Daughters of Norway hold a cookbook discussion

Submitted Photo

On Sunday at 1:30 p.m., Nordic ladies are invited to bring their favorite cookbook and become a “cookbook detective” in the South Room of the Minot Library. There will also be exciting news, as the new Daughters of Norway namesake for the Minot Lodge will be revealed at this meeting.

Nordic foods are very important to the heritage, and generally one of the last cultural traditions to disappear . Recording and sharing recipes has always been important, and cookbooks have been a good way to preserve them. In these fast times of social media, we can find out how to bake a kransekake, whip up some rommegrot, or make a hearty lapskaus, all with the quick touch of a button. But there is something very special about the old family cookbook, or even a brand new one.

These cherished books tell more than just how to cook or bake something. They hold the memories of mom or grandmother, with scribbles in the margins such as “add more salt” or “I made this for Betty’s wedding.” But what else can these cookbooks tell us about the era? Is there more you can learn about history, or why it was published?

The earliest known “cookbook” dates back to about 1500 B.C. from Babylon, where a few instructions for an aromatic dish were found written on a clay tablet. Johannes Gutenberg, a goldsmith by profession, developed a printing system in 1439. Throughout the 15th and 16th centuries, improvements were made throughout Europe with printing. In Renaissance Europe, the arrival of mechanical movable type printing introduce the era of mass communication, which permanently altered the structure of society. As these printing presses evolved, books, as well as cookbooks, were published.

In the 18th centuries, cookbooks were written for aristocratic families, including household manuals such as “The Complete Housewife” by Eliza Smith. Originally published in London in 1727, it was the first cookbook printed in the United States.

“Modern Cookery for Private Families” was published in 1845 and aimed at the domestic reader rather than the professional cook or chef. This was an immensely influential book and it established the format for modern writing about cooking.

In 1896, the American cook Fannie Farmer (1857-1915) published “The Boston Cooking School Cookbook,” which contained around 1,849 recipes. Cookbooks that serve as basic kitchen guides began to appear in the early modern period. They provided not just recipes but overall instructions for both kitchen technique and household management. Such books were written primarily for housewives and occasionally domestic servants as opposed to professional cooks, and at times books such as “The Joy of Cooking” or “Mastering the Art of French Cooking” by Julia Child have served as references for national cuisines.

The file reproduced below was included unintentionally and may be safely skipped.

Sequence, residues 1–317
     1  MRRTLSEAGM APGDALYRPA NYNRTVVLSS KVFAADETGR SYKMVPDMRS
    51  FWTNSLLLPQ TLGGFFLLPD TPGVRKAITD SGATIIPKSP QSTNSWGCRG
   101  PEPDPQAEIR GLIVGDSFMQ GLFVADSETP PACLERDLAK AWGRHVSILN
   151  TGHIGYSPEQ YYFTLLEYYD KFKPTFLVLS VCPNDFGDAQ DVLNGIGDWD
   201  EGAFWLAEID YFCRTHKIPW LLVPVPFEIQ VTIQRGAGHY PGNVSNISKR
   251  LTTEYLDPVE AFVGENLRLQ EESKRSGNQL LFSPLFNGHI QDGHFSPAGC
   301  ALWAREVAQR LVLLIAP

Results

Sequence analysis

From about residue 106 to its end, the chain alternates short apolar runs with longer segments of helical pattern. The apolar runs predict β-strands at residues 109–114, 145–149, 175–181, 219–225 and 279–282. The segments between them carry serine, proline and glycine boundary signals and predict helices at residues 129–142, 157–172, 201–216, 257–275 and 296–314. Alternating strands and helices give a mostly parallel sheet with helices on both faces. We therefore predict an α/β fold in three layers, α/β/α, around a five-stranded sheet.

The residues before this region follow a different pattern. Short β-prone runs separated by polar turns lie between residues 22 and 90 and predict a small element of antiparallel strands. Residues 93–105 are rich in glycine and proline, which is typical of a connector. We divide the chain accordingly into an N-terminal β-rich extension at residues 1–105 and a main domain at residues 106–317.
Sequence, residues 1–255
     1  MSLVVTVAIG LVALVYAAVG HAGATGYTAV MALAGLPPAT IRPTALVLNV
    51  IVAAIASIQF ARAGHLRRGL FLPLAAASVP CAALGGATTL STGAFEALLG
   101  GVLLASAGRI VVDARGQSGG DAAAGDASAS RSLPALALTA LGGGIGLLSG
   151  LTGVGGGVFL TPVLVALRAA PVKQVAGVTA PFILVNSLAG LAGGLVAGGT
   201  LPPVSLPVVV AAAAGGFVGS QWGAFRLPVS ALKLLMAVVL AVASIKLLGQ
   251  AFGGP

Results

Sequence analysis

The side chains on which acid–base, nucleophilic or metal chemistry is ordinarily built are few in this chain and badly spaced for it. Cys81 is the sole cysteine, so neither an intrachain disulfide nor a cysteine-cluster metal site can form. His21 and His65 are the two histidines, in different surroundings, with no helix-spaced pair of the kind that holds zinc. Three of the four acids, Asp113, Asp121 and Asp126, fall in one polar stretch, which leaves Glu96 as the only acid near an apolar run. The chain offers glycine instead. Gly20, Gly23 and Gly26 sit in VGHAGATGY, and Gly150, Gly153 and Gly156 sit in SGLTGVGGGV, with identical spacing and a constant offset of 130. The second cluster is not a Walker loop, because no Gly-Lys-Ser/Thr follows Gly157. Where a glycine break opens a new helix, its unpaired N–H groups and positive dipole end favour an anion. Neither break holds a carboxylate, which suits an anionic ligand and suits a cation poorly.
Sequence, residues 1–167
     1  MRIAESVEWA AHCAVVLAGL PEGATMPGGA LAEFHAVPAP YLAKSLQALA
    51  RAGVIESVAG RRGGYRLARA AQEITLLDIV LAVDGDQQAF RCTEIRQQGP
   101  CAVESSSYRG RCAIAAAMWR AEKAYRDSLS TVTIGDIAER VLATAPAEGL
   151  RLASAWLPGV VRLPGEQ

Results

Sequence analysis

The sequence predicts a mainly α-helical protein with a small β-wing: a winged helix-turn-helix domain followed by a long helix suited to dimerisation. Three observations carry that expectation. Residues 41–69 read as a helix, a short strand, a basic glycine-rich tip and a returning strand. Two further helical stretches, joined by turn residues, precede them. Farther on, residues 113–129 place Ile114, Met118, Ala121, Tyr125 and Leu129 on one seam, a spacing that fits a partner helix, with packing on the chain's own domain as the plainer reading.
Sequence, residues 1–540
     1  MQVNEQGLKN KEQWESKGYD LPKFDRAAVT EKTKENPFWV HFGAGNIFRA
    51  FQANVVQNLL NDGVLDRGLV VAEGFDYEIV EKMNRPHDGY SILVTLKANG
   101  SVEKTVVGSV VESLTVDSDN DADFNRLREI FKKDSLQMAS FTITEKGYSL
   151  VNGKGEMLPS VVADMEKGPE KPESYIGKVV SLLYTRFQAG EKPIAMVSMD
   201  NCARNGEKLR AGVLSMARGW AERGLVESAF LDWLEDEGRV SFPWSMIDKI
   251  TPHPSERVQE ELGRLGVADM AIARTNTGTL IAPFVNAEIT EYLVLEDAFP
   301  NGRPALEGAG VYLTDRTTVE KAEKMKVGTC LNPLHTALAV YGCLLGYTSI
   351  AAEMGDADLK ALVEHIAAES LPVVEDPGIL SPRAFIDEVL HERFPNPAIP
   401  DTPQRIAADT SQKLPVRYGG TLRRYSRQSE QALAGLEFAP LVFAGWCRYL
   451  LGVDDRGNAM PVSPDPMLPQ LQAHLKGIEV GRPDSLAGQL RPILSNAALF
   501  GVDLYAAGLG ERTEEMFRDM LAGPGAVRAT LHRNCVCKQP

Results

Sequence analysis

Cookbooks also tell stories and reflect upon the era in which they are written. They often reveal notions of social, political, environmental, or economic contexts. For example, convenience foods were brought into many households and were integrated into modern cookbooks. There are instructional cookbooks, which combine recipes with in-depth, step-by-step recipes to teach beginning cooks basic concepts and techniques. Many times these tried and true recipes are collected and published into family cookbooks.

Come to the library and bring your favorite cookbook to share in fun discussions. Refreshments will be served.

The Minot Library is located at 516 2nd Ave SW. Potential members interested in attending this event should call Sue at 838-5710 or send an email to norskjill@gmail.com.

Daughters of Norway is a non-profit organization open to women of Norwegian/Nordic heritage. The mission and purpose of the Daughters of Norway is to unite into sisterhood women who wish to preserve the Norwegian heritage, maintain among members a knowledge of the history, culture, and language of Norway, and build a strong support system and bond of friendship among the sisterhood.

Lodges are located throughout Central and Western United States. See the website at daughtersofnorway.org for more information.

COMMENTS